I never grasped the whole zombie-vampire thing. I don’t know why sucky dead creatures are so attractive or why they overpopulate the entertainment world. About 87 percent of TV shows seem to be about zombies or vampires and some TV commercials use zombies as spokesthings…or the antithesis of spokesthings, I’m not sure which.
I don’t remember what an ad is selling if it has zombies in it. For the advertiser, this is probably not a good thing. Although it’s also clear that if you want to sell something to someone who isn’t me, stick the word “zombie” or “vampire” into it and voila. Or voila! if it really sells a lot.
So I saw this news from Publisher’s Lunch and hope arose in my indisputably human breast. Is it possible this breach of contract lawsuit heralds the end of the zombie-vampire business?
Hachette Book Group is suing Seth Grahame-Smith, author of the bestselling novels Abraham Lincoln: Vampire Hunter and Pride and Prejudice & Zombies, and his company Baby Gorilla Inc. for breach of contract. In the complaint, filed in New York federal court on August 26 and first reported on by the Hollywood Reporter, HBG alleges Smith turned in an unacceptable manuscript last June more than 3 years after its initial due date — and only after the publisher moved to terminate the contract.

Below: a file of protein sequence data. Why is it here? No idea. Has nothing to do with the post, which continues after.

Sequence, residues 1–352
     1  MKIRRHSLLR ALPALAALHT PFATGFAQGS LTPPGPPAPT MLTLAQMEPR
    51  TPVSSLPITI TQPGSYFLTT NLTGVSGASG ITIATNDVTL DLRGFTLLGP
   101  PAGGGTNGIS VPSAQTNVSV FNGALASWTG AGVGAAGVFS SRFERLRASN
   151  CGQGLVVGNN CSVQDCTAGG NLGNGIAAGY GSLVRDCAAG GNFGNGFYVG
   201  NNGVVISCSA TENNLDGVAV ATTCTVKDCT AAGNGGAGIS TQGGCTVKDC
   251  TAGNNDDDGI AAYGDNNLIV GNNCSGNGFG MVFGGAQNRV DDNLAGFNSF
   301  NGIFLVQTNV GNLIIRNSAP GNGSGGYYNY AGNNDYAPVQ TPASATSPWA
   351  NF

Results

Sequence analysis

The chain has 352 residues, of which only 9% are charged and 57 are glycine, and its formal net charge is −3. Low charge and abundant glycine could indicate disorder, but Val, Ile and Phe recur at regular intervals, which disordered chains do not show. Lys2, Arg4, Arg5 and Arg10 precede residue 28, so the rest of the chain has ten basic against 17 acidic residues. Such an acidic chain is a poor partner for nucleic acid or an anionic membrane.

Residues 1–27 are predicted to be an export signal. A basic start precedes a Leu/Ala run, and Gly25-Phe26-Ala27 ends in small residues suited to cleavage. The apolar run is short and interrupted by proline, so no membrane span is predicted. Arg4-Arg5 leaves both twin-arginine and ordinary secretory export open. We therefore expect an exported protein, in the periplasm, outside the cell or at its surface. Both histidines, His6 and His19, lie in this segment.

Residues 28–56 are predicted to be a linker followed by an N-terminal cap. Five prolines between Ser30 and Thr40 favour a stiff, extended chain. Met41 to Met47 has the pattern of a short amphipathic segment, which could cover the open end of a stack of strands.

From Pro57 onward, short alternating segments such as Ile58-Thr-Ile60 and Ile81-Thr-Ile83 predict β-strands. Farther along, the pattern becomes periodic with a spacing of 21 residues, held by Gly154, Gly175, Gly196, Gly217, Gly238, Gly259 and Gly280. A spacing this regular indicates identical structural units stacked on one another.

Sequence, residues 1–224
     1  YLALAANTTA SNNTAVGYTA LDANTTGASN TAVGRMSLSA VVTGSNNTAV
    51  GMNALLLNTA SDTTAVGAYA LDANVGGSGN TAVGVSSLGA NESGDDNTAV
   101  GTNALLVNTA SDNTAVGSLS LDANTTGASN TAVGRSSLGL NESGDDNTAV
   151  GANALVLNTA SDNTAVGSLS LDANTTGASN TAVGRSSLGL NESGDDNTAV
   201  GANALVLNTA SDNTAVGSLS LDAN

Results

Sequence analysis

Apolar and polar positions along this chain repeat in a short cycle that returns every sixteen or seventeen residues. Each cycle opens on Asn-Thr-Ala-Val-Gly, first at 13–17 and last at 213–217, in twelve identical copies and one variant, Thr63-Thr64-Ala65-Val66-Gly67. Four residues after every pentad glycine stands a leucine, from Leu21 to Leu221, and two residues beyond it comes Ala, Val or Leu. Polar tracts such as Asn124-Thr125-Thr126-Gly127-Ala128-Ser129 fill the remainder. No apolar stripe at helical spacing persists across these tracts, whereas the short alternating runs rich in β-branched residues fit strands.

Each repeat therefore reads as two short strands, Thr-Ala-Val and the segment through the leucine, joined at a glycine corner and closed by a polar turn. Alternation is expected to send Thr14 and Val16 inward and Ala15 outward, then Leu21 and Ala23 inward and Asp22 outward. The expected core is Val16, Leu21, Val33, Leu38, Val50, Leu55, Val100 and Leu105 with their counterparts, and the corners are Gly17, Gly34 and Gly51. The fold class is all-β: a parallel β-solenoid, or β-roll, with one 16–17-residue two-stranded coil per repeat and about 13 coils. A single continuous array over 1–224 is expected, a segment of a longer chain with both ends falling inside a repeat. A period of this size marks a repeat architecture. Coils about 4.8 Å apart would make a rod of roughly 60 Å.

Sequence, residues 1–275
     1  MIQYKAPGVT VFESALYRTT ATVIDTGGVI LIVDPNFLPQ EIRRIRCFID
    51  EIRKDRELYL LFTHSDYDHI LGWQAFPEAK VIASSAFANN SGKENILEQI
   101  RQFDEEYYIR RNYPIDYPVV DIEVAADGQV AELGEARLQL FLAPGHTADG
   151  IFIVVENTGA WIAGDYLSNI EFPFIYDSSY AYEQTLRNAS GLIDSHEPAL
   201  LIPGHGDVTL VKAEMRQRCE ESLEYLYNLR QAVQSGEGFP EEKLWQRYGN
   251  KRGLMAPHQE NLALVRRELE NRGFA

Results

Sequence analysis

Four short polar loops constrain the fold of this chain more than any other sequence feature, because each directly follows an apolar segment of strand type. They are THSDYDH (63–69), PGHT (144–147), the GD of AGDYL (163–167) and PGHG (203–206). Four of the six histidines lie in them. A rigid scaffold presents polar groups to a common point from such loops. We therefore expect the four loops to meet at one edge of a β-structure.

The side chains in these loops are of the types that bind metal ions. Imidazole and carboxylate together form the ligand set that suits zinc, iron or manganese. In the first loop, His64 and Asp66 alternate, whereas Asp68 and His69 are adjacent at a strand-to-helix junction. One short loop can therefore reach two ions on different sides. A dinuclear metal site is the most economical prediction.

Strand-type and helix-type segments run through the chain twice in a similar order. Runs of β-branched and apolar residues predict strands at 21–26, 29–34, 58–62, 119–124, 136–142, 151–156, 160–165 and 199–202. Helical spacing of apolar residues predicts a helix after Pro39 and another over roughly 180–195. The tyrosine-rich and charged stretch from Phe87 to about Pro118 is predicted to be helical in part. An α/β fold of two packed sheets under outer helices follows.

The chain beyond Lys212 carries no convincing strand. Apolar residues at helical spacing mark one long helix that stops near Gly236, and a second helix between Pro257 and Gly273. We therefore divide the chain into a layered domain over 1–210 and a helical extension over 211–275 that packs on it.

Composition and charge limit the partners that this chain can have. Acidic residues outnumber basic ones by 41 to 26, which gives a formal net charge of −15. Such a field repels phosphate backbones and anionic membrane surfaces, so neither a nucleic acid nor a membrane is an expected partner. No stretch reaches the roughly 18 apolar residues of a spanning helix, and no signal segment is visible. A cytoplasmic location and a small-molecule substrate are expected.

Just before Grand Central published Abraham Lincoln: Vampire Hunter, in December 2010 they signed with Smith for two additional books for a total advance of $4 million. One million dollars was paid on signing — partitioned equally between the two books — with the rest due in $500,000 increments upon delivery of the two manuscripts, as well as on hardcover and paperback publication of the books. The first book was to be “a sequel to or spinoff of” Abraham Lincoln: Vampire Hunter. The second “would be on a topic to be determined by the author subject to [Hachette’s] written approval.”
The first book under that deal was published in 2015 as The Last American Vampire. (The book failed to perform anywhere near expectations; Nielsen Bookscan has recorded total hardcover sales of just under 16,000 copies.) Hachette noted in the complaint that the delivery date for the second book was extended twice, to April 1, 2016. With no manuscript provided, Hachette sent a termination notice on April 20, with a 60-day period to cure.
Smith “purported to deliver to Hachette the manuscript for Book #2” on June 6, but they say in the suit that it “is not the manuscript [he] promised to deliver under the agreement.” The publisher asserts that it was “in large part an appropriation of a 120-year-old public-domain work.” As well, they allege, it “materially varies from the agreed-upon word limit and is on a subject Hatchette never approved in writing.” Hachette seeks a jury trial and damages of no less than $500,000 (including interest incurred since June 6.)